• Financial planning models – Most financial planning models are based on traditional segmentation methods. Projections of net interest income are modelled on the basis of products (mortgages, credit cards, sight deposits, etc) and ignore crucial factors such as the sector in which the customer works and their capacity to keep earning by working from home.

Another drawback of these models is that they take no account of the various relief programmes that governments have launched to cushion the economic impact of the pandemic on companies and employees.

What to do?

Navigating through crises like COVID-19 is particularly challenging because of the radical uncertainty associated with the pandemic. The repercussions of protracted lockdowns, social distancing and unprecedented economic disruption involve complex dynamics and chain reactions. Traditional backward-looking risk assessments cannot anticipate accurately the full fallout of the disease. To do that, it is necessary more than ever to develop forward-looking, scenario-based analyses. Going back to our driving analogy, we need to start peering through the windscreen while glancing back now and then in the mirror.

Behavioural elements can play a significant role in such analyses. For example, some borrowers are responsible while other are may be more willing to build up debt at the moment. Is the crisis likely to widen the gulf between the two categories?

An adapted approach is needed in regard to stress-testing techniques used by financial institutions to help determine the economic impact of the coronavirus. Stress-testing typically involves coming up with a central GDP scenario and, extrapolating from past experiences, using it to anticipate gains and losses on the loan book and asset portfolio. But such a traditional model risks generating more problems than solutions because this crisis is different. A fresh way of looking at the economic shock of COVID is called for.

A downturn is normally triggered by a shock in one or more specific sectors of the economy. In a typical recession, the immediate direct impact may be relatively small (e.g. job losses in banking during the Global Financial Crisis) before the after-effects ripple through the rest of the economy – sometimes in ever-bigger waves. The COVID crisis is a different beast altogether. The direct effects of the economic lockdown are massive and widespread. Traditional models may well fail to capture them.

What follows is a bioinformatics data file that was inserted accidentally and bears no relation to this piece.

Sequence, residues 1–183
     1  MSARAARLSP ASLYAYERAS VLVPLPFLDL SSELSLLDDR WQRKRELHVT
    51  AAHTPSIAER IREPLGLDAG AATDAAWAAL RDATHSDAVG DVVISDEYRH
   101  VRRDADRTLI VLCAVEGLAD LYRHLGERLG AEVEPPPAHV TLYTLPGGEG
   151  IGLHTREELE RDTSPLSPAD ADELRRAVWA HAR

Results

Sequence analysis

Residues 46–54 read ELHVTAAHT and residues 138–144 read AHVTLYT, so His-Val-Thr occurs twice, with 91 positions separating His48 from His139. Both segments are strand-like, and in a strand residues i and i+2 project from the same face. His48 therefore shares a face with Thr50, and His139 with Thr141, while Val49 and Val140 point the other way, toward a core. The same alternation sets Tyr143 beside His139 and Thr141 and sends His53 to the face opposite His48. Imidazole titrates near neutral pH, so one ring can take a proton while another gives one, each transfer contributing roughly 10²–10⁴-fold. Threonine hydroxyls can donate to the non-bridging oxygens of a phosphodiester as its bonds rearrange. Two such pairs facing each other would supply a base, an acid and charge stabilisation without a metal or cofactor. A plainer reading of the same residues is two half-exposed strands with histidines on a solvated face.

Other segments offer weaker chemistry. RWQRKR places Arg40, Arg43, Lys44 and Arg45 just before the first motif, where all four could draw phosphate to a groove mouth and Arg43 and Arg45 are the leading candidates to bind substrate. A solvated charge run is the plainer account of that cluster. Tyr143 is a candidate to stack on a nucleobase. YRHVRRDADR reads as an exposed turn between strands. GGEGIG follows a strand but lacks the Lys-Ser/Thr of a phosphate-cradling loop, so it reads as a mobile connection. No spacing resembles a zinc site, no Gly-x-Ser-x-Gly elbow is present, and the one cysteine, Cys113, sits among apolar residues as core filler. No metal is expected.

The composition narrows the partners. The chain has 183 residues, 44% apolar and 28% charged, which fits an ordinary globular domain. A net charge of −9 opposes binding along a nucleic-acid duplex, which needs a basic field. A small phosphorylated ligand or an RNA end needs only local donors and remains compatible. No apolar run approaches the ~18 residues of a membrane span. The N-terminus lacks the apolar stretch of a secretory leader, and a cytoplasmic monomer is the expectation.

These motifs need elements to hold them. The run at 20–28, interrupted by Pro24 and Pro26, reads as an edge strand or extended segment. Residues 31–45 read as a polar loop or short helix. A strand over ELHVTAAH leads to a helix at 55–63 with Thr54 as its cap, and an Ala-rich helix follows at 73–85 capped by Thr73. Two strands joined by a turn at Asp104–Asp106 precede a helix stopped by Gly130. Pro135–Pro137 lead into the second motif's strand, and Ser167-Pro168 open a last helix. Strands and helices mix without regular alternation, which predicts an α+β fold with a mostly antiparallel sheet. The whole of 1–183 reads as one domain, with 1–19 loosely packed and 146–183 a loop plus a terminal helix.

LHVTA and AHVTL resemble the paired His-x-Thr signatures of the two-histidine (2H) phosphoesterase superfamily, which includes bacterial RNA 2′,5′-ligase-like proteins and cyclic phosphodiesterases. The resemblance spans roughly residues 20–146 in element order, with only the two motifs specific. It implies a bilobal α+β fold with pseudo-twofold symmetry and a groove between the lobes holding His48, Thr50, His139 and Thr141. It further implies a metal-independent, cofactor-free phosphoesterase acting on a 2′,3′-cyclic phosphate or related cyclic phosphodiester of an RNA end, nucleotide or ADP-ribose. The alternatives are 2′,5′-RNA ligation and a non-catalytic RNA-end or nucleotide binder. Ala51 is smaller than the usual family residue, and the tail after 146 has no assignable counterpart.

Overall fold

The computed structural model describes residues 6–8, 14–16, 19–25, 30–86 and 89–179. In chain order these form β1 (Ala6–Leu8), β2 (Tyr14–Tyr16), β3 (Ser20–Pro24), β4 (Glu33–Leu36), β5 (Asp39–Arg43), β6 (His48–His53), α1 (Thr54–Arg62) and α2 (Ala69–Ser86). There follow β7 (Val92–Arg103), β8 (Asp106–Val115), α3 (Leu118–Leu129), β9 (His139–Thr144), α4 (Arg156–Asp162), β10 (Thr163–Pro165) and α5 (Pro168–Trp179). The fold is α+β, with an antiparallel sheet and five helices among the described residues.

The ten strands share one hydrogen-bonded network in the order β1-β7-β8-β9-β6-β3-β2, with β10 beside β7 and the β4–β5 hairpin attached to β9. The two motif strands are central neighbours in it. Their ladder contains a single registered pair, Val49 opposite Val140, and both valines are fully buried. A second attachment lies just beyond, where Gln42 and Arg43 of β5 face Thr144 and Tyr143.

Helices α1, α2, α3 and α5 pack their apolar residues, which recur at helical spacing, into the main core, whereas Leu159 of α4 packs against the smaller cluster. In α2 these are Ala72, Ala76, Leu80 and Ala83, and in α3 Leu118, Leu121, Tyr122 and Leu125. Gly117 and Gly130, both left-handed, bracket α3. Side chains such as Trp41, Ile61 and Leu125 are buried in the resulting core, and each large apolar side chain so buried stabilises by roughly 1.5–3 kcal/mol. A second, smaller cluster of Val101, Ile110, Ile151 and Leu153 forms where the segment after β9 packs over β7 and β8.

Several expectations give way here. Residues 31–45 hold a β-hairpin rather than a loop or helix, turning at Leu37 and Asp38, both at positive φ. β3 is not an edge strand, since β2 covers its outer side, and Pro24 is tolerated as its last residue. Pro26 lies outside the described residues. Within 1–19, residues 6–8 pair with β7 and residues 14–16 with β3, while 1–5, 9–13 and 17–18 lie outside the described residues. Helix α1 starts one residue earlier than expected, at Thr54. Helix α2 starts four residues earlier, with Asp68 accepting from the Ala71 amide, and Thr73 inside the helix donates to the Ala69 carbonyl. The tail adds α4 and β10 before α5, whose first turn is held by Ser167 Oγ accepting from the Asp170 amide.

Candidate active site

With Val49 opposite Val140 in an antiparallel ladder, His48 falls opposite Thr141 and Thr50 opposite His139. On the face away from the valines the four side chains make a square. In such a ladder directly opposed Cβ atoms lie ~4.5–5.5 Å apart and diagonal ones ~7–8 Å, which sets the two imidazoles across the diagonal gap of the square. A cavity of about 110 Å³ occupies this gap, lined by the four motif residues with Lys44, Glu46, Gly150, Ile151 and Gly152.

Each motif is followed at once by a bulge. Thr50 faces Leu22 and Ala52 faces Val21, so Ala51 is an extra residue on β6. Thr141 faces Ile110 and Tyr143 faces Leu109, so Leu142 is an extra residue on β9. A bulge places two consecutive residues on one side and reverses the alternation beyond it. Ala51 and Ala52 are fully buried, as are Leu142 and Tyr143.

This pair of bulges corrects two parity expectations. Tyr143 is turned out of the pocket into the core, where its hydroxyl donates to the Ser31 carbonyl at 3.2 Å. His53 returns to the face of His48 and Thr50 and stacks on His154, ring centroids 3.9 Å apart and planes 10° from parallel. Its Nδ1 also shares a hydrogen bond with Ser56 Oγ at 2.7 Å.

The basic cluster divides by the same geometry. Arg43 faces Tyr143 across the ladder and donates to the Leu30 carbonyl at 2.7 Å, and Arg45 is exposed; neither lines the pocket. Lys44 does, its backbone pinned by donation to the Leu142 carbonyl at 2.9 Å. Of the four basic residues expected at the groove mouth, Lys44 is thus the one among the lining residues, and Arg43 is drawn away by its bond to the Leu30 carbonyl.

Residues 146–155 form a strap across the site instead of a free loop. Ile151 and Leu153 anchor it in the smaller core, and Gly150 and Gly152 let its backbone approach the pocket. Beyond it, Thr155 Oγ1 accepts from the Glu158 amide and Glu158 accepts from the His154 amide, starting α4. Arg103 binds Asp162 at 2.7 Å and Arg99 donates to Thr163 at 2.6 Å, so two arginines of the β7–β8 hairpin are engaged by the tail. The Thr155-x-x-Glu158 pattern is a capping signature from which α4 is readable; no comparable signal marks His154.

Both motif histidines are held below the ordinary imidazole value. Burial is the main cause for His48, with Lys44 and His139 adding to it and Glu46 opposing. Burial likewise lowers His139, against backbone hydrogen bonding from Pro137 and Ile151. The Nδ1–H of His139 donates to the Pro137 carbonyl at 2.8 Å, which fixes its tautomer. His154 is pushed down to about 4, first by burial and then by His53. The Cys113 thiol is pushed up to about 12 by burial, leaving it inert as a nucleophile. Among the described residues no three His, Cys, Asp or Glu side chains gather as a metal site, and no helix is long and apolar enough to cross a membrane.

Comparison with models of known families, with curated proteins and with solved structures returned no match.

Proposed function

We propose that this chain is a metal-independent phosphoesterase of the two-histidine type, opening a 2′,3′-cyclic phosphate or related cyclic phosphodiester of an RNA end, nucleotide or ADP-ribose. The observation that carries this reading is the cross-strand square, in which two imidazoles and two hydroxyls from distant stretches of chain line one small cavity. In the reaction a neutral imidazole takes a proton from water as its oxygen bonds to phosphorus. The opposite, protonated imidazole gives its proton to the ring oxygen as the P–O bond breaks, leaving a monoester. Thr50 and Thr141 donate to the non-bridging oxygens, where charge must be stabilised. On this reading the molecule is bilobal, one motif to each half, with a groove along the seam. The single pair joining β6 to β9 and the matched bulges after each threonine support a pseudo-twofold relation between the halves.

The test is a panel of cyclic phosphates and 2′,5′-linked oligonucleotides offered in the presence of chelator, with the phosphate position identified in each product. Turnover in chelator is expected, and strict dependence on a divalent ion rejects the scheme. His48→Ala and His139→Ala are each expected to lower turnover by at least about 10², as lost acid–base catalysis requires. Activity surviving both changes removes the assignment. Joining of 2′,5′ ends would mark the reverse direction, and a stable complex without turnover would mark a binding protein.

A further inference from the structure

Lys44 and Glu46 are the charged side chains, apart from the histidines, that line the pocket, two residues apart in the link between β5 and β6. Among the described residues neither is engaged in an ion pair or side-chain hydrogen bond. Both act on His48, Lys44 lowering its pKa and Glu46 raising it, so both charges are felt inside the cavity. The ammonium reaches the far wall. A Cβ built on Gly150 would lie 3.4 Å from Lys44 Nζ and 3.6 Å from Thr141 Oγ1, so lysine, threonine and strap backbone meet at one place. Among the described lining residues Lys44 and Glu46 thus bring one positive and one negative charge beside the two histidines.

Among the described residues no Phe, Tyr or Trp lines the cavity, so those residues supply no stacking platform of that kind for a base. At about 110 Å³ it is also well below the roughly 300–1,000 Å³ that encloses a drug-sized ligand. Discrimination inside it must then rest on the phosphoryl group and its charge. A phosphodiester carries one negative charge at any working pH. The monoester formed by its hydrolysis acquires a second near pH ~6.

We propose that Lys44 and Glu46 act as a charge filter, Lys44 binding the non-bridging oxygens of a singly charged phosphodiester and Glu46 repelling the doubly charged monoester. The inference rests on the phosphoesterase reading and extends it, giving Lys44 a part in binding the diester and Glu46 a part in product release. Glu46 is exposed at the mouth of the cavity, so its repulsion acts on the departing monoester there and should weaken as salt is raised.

Instead, banks could benefit from generating a bottom-up analysis of their different customer segments based not on the products they have taken out – the conventional approach – but how they will be affected by the economic shock.

Such an analysis would be carried out in the following sequence:

  1. Identify the customer – Establish from the bank’s client base those customers most likely to be affected by the direct impact of the lockdown. The determining factors are likely to be occupation, employment status, income, region, age and payment behaviour.
  2. Review the direct shock under different scenarios – These would incorporate forecasts for the economy, as well as specific sectors and regions, mapped against the segmentation of the bank’s customers. The scenarios should also reflect the impact of government income support policies.
  3. Match the estimated income impact on affected groups to the customer segments within the bank’s database - Using the appropriate mapping, the impact could be generated under different scenarios of the extent and duration of the lockdown, say three and six months.
  4. Model impairment in various scenarios – Once the direct effects have been generated, existing models can be used to translate the anticipated income shock into impairment effects for each segment and the bank’s book overall.

Big data and AI could help in this task. Big data has allowed for the storage, management and analysis of information on clients’ behaviours in real-time. In a crisis situation, this can give companies more items to monitor in order to identify weaknesses and prove useful in many ways including the identification of shifting consumption patterns and trends, the elaboration of real-time alerts and the generation of behavioural segmentations. Together with advanced analytical technics, it can inform decision making and targeting of products and services and deliver a quick and accurate response plan.


The COVID-19 pandemic has exposed the shortcomings of the models on which banks have come to rely so heavily. The models need to be supplemented with forward-looking, scenario-based analytical techniques underpinned by big data and artificial intelligence. A bank with access to the full suite of client data, harnessed to the ability to break it down into different segments for analysis, will be in a strong position to make well-informed decisions, especially in a time of crisis.

Investigating and acquiring the required technology takes time, effort and money. But banks should think of the investment as necessary insurance, not as a luxury. And, unlike insurance, advanced analytics will pay off not just during a crisis but also when it’s business as usual, by allowing managers to segment the bank’s customer base ever more finely and to tailor their products and services accordingly.

Evaluating the risk of distruptive events